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K-State Today

May 15, 2019

Tobler, Vennum awarded K-State Excellence in Engagement Award

Submitted by Chandra Ruthstrom

Tobler and Vennum

The Office of the Provost and the Center for Engagement and Community Development recently awarded Michi Tobler, associate professor of biology, and Amber Vennum, associate professor of couple and family therapy, the K-State Excellence in Engagement Award.

The Excellence in Engagement Award highlights excellence in faculty or staff who engage in scholarship via research, teaching or outreach. The recipients demonstrate innovative and sustained efforts in university and community engagement.

Tobler has shown a passion for campus and community outreach, while demonstrating the importance of connecting nonexperts in the Manhattan community to K-State scientists' research in informal, relaxed environments. Tobler has effectively worked to bring scientific research to the public through innovative engagement.

Tobler says he hopes to be able to bring awareness to the research of the world-class scientists at Kansas State University and build interest and involvement among members of the public who are not informed. One avenue is The Science Communication through Community Engagement project partners with Jared Bixby, curator of education at the Sunset Zoo, as well as with USD 383 and USD 475, the Flint Hills Discovery Center and the Kansas Science Communication Initiative to promote the collaboration of nonexpert members of the community and K-State scientists in order to learn about science in a fun, interactive way. This project has reached more than 2,600 members in the Manhattan community. The initiative has hosted 40 public outreach events in efforts to increase participation of nonexperts in science and research topics.

In order to better prepare K-State scientists for public dialogue, the Science Communication Fellowship Program was launched through this project to train graduate students and postdoctoral students at K-State on key communication strategies that will help them interact with the public in a way that allows the audience to use relatable life experiences to understand the research being presented. Through this project, Bixby and Tobler aim to host workshops and exhibits in the Manhattan area that are geared toward being interactive and creating enriching conversations about science. These workshops reach adults, children and families around Manhattan and provide hands-on learning opportunities. The Science on Tap event is hosted at Tallgrass Tap House, in downtown Manhattan, and is one of the several ways that this project encourages members of Manhattan to engage with science topics, but have an enjoyable time in the process. Through these efforts of strategic communication and community outreach, Bixby and Tobler hope to promote more approachable discussions of science in a way that is not intimidating for the public to understand and allows K-State scientists to gain experience in more effective ways of presenting their research.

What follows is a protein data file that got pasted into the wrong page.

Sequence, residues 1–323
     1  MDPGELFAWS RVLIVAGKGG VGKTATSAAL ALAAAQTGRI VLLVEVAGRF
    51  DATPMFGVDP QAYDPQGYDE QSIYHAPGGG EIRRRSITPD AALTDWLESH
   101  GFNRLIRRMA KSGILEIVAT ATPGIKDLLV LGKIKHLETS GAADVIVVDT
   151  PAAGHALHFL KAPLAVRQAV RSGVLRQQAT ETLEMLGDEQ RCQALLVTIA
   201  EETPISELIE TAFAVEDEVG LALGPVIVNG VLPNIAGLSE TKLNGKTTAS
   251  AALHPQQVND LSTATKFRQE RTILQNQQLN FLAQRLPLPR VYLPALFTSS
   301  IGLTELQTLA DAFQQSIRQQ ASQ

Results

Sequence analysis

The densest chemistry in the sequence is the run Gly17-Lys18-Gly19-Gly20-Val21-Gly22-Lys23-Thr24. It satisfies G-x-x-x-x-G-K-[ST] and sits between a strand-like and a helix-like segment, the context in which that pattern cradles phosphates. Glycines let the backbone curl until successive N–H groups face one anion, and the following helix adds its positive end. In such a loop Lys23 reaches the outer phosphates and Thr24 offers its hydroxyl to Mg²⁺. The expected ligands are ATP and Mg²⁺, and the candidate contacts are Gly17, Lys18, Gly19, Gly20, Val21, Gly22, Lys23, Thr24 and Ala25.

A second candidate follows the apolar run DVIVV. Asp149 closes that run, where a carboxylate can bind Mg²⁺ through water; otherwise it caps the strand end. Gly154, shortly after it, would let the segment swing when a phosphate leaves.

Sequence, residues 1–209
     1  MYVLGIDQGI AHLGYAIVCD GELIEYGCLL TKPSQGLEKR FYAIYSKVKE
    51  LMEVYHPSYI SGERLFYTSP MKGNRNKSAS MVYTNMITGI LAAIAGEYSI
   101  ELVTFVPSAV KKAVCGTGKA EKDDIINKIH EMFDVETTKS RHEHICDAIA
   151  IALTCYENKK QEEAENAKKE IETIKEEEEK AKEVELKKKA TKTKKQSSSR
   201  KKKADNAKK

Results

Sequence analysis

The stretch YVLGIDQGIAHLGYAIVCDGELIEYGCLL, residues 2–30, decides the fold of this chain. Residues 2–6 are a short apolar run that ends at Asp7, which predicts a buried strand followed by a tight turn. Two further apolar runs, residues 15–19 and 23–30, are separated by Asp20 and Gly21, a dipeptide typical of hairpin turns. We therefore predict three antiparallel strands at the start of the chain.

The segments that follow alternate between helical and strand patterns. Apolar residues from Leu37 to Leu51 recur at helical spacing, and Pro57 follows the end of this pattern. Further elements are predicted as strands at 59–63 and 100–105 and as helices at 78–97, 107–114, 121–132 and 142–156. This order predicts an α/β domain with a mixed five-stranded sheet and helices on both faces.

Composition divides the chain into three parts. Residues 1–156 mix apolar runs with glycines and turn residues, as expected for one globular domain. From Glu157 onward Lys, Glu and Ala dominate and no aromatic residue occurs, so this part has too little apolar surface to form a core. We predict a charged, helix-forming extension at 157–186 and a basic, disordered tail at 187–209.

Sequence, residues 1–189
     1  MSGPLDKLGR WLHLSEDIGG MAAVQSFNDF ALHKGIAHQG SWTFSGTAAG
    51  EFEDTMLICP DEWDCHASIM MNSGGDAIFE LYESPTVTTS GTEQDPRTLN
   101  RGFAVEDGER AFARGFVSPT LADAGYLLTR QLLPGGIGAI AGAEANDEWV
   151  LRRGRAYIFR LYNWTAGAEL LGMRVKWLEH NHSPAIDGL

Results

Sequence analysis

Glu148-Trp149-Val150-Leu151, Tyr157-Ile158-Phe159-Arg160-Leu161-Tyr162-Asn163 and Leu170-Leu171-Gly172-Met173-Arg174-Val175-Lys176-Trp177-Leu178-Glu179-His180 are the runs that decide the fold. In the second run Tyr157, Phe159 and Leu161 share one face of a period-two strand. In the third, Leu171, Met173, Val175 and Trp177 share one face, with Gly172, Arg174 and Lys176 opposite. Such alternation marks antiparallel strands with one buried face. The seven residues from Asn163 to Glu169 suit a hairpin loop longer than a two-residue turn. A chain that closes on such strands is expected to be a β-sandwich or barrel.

Vennum's project, Kansas Alliance for Healthy Positive Schools, or KAHPS, has resulted in collaborations and partnerships aimed at addressing unmet mental and relationship help needs of students and their families in area school districts. The project was started to address suicides, depression and anxiety, and interpersonal issues that were disrupting learning and school completion at area high schools. This partnership has primarily involved the Manhattan-Ogden and Geary County public school districts and the community organizations that work closely with them.

Through these partnerships, the program has established free school-based therapy for students and their families; conducted needs assessments to inform priorities; developed a trauma-informed classroom management approach; provided trainings for teachers and school staff on mental health and relational issues; collaboratively sponsored parent engagement nights; and received federal funding to implement a healthy relationship curriculum. The project also gives graduate students in couples and family therapy valuable experience.

Vennum places an average of four student therapy interns at Manhattan High School's east and west campuses each year to provide family therapy in collaboration with the school counselors. Student therapy interns also are placed at Junction City High School's Freshman Success Academy. Both school districts also have been active partners with the project in developing a trauma-informed management structure called Working on What Works, or WoWW. Vennum received funding from K-State and the Greater Manhattan Community Foundation to further develop and test WoWW with the local schools, and it is now used by the Freshman Success Academy as its classroom management strategy. In addition, Vennum and K-State faculty members Michelle Toews and Elaine Johannes secured funding for a relationship education curriculum called the #RelationshipGoals Project for the Freshman Success Academy and Junction City Middle School. The program is provided on non-school days, and each semester, more than 20 K-State undergraduate and graduate students from a variety of different programs serve as research assistants and program facilitators in classrooms of seventh through 10th graders. The Geary County school district has given its approval to a pilot integration of the #RelationshipGoals Project and WoWW into the normal school day as a universal social-emotional intervention. Vennum and collaborators are working on research papers from the data they have collected.